Langmuir 2010, 26(14), 12465–12471Published on Web 06/24/2010
©2010 American Chemical Society
Dead-End Filling of SlipChip Evaluated Theoretically and Experimentally
as a Function of the Surface Chemistry and the Gap Size between the
Plates for Lubricated and Dry SlipChips
Liang Li, Mikhail A. Karymov, Kevin P. Nichols, and Rustem F. Ismagilov*
Department of Chemistry and Institute for Biophysical Dynamics, The University of Chicago,
929 East 57th Street, Chicago, Illinois 60637
Received April 13, 2010. Revised Manuscript Received June 10, 2010
In this paper, we describe a method to load a microfluidic device, the SlipChip, via dead-end filling. In dead-end
filling, the lubricating fluid that fills the SlipChip after assembly is dissipated through the gap between the two plates of
the SlipChip instead of flowing through an outlet at the end of the fluidic path. We describe a theoretical model and
plates of SlipChips. In this method, filling is controlled by the balance of pressures: for filling to occur without leaking,
the inlet pressure must be greater than the capillary pressure but less than the maximum sealing pressure. We evaluated
our prediction with experiments, and our empirical results agreed well with theory. Internal reservoirs were designed to
prevent evaporation during loading of multiple solutions. Solutions were first loaded one at a time into inlet reservoirs;
The SlipChip design was also modified to enable ease of filling by using multiple access holes to the inlet reservoir.
This paper describes a robust method to fill a SlipChip with
aqueous solutions, called dead-end filling, that relies on the sur-
face chemistry and gap size of the SlipChip and is applicable to
both lubricated and dry SlipChips. SlipChip1-6is an emerging
microfluidic platform that enables simple, equipment-free mani-
made of two plates that move;or slip;relative to one another.
into the patterns of wells and ducts. Almost any program can be
encoded into the SlipChip, and the program is executed by slip-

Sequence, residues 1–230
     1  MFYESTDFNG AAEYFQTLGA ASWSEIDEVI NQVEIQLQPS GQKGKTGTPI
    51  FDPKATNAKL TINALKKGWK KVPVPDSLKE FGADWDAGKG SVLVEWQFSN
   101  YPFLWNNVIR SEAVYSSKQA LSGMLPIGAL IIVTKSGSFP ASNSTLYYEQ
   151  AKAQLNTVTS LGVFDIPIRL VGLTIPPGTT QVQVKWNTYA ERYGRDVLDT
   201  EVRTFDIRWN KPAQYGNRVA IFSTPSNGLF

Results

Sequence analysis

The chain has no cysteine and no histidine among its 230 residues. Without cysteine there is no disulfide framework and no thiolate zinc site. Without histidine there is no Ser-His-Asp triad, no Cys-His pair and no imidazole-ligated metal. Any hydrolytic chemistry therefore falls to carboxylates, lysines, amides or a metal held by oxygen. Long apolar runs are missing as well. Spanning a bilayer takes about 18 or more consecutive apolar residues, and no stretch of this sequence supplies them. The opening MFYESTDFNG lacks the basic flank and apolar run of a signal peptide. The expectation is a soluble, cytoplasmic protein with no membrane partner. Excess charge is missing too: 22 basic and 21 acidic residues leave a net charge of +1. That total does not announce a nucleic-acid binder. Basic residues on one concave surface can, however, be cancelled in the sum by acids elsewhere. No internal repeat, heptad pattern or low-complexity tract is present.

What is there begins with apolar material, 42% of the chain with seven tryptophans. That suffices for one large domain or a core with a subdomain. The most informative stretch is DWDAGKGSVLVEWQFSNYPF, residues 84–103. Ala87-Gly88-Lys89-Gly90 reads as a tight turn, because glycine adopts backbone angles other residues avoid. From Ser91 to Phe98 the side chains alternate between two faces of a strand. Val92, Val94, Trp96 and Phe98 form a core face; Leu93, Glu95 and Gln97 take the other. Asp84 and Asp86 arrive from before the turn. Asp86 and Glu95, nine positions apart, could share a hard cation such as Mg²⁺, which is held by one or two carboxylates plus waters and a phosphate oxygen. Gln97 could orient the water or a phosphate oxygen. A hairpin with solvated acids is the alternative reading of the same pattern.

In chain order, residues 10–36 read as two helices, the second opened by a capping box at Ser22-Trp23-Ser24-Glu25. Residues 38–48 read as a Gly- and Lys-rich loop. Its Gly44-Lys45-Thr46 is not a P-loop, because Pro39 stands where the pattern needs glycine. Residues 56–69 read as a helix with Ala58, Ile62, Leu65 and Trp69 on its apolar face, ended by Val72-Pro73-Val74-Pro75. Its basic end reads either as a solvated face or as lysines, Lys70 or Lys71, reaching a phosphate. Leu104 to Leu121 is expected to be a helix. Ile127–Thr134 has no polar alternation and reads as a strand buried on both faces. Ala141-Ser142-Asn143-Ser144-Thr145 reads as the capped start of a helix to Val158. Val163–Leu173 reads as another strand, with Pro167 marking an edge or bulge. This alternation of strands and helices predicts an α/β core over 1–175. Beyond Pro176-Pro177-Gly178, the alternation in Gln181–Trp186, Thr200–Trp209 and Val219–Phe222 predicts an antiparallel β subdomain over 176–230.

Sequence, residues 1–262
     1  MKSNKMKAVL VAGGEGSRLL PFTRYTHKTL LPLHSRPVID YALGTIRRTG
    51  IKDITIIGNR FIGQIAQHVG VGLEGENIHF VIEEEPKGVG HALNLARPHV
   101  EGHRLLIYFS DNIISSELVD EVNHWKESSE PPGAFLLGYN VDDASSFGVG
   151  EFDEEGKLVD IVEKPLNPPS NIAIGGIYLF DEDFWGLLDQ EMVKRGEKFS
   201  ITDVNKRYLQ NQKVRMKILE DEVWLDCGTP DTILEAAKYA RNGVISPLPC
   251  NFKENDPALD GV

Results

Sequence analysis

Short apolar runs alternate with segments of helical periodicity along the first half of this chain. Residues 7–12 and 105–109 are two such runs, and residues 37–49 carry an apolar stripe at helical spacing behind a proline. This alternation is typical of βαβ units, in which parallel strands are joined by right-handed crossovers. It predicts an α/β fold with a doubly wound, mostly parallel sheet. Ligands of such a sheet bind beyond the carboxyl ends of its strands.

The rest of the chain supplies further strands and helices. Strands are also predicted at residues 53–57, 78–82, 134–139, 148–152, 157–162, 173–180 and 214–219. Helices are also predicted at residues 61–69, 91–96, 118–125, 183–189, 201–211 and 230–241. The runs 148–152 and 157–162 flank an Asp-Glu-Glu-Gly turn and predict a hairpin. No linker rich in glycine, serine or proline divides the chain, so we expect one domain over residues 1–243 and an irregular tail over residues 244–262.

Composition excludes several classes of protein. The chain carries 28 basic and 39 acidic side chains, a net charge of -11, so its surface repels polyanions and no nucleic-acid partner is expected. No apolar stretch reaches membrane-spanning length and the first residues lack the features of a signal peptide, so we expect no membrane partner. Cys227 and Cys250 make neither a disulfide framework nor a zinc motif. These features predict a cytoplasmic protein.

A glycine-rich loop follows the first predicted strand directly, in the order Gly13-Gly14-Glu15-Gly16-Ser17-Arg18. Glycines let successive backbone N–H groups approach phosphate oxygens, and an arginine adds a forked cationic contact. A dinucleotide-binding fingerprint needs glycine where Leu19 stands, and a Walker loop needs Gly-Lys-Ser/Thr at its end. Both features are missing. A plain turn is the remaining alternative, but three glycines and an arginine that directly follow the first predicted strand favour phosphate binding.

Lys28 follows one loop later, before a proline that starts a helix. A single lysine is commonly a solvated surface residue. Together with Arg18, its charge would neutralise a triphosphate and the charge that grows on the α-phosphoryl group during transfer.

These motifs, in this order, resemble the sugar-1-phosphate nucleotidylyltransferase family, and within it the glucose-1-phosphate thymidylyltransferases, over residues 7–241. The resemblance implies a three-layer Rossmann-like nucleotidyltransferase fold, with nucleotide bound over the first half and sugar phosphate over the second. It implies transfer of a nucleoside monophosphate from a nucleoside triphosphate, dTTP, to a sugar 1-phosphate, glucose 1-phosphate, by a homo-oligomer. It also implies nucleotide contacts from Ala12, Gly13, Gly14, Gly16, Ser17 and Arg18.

ping, which disconnects or connects wells from ducts, and brings
lications of SlipChip include protein crystallization,1-3immuno-
assays,4and polymerase chain reactions (PCR).5,6For the Slip-
toindividual wellsthroughfluidicpaths. Animbalanceinpressure
fluidic path to balance pressure.1Applications performed in Slip-
Chip require quantification, and quantification relies on precise
metering of fluid volumes. Fluid volumes are defined by the well
racy of metered volumes. In addition, filling of multiple wells in
parallelisdesirable, toincrease the throughputand compatibility
with existing automation. Previously, the SlipChip was filled by
pipetting the solution into the fluidic path while allowing the
prefilled lubricating fluid to escape through an outlet.
This paper describes and characterizes, both theoretically and
experimentally, an alternative method to fill SlipChips. As the
sample solution fills the fluidic path, it displaces the lubricating
fluid or air that fills the SlipChip after assembly, and instead of
allowing the lubricating fluid or air filling the fluidic path to
escape through the outlet, the fluid originally in the fluidic path
is dissipated through the gap between the plates. We refer to this
process as “dead-end filling”,8because the chip design does not
contain outlets for each fluidic path. In this method of dead-end
purchased from commercial sources and used without additional
purification. Spectrum food dyes were purchased from August
amine) was obtained from 3M (St. Paul, MN). (Tridecafluoro-
1,1,2,2 -tetrahydrooctyl) trichlorosilane (Gelest Inc., Morrisville,
PA) was used to silianize and render surfaces fluorophilic. 1H,
1H,2H,2H-Perfluoro-1-octanol was obtained from Sigma-Aldrich
(St. Louis, MO). Soda-lime glass plates coated with chromium
and photoresist were purchased from Telic Company (Valencia,
CA). Photomasks were purchased from CAD/Art Services, Inc.
*To whom correspondence should be addressed. E-mail: r-ismagilov@
(2) Li, L.; Du, W.; Ismagilov, R. F. J. Am. Chem. Soc. 2010, 132, 106–111.
(3) Li, L.; Du, W.; Ismagilov, R. F. J. Am. Chem. Soc. 2010, 132, 112–119.
(4) Liu, W.; Chen, D.; Du, W.; Nichols, K. P.; Ismagilov, R. F. Anal. Chem.
2010, 82, 3276–3282.
(5) Shen, F.; Du, W.; Davydova, E.; Karymov, M.; Pandey, J.; Ismagilov, R. F.
Anal. Chem. 2010, 82, 4606–4612.
(6) Shen, F.; Du, W.; Kreutz, J. E.; Fok, A.; Ismagilov, R. F. Lab Chip 2010,
(7) Adamson, D. N.; Mustafi, D.; Zhang, J. X.; Zheng, B.; Ismagilov, R. F.